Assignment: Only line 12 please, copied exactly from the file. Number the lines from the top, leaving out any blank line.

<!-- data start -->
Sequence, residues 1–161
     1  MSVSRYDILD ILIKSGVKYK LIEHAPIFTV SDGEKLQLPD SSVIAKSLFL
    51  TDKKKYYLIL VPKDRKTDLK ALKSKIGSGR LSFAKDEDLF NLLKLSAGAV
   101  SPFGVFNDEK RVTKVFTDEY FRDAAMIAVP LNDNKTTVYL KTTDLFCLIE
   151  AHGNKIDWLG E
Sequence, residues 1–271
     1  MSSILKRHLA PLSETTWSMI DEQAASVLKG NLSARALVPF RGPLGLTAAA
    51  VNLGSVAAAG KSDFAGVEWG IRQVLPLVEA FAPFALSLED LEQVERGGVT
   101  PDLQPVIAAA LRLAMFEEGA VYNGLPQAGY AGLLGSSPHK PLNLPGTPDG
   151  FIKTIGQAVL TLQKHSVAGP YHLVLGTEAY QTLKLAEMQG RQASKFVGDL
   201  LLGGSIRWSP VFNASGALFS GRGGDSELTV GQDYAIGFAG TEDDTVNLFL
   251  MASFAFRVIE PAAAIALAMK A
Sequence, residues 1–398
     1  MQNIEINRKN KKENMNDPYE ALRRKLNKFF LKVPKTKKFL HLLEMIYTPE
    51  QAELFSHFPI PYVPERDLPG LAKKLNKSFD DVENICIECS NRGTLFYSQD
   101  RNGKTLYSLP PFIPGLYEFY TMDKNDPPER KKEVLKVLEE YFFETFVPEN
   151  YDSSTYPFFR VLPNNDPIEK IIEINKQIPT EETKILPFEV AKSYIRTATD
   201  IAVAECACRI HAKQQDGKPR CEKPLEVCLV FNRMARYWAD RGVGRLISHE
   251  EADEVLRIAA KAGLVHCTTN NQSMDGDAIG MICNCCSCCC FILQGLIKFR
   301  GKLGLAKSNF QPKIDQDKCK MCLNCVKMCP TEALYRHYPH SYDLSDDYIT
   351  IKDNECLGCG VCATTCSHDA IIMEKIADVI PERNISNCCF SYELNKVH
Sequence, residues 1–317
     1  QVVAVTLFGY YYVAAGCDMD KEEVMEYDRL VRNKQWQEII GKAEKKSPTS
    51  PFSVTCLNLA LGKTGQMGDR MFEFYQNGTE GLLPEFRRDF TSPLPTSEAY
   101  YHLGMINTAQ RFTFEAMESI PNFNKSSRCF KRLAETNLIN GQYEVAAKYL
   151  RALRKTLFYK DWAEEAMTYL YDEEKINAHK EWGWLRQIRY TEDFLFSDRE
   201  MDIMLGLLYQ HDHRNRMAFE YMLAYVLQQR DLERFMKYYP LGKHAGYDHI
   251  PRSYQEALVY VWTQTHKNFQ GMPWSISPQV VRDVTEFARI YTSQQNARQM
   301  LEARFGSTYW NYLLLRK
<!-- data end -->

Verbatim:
   251  MASFAFRVIE PAAAIALAMK A